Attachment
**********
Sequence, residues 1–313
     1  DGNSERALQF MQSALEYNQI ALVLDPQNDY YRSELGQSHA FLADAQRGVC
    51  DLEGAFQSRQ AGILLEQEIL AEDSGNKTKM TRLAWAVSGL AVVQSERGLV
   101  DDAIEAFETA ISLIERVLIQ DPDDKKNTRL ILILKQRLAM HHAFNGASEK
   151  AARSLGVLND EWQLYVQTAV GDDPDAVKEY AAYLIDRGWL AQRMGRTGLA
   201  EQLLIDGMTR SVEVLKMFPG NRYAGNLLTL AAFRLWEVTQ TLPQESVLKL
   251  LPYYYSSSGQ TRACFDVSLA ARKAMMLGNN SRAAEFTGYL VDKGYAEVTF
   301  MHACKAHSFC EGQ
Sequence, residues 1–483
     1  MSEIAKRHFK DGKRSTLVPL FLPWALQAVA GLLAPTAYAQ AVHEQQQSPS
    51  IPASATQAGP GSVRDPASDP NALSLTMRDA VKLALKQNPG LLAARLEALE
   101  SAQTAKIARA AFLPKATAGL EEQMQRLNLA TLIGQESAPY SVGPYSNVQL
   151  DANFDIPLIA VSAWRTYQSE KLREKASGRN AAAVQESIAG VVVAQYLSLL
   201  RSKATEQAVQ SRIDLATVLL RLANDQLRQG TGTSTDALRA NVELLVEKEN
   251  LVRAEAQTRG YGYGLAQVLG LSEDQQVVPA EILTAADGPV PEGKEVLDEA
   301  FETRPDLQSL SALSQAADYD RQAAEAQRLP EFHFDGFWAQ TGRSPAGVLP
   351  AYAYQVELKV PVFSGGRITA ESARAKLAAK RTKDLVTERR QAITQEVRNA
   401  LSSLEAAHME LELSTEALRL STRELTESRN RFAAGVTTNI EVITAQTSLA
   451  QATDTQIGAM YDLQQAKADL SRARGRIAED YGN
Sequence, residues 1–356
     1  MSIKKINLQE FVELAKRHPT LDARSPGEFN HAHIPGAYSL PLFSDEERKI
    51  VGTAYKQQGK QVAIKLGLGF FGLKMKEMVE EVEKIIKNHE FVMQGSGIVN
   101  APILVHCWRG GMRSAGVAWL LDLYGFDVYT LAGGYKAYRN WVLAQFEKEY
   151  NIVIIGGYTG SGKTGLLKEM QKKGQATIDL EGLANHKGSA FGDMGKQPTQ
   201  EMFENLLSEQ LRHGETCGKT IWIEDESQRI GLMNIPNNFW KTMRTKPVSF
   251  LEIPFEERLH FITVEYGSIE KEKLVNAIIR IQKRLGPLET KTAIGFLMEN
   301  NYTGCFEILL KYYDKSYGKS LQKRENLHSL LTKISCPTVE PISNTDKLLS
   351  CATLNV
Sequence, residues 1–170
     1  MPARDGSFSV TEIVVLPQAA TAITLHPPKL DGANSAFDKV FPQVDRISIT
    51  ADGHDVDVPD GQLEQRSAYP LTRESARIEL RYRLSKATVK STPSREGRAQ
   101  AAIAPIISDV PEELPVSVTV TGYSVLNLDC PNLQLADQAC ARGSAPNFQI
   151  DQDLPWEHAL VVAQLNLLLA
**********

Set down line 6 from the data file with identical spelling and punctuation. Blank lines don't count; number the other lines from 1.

   201  EQLLIDGMTR SVEVLKMFPG NRYAGNLLTL AAFRLWEVTQ TLPQESVLKL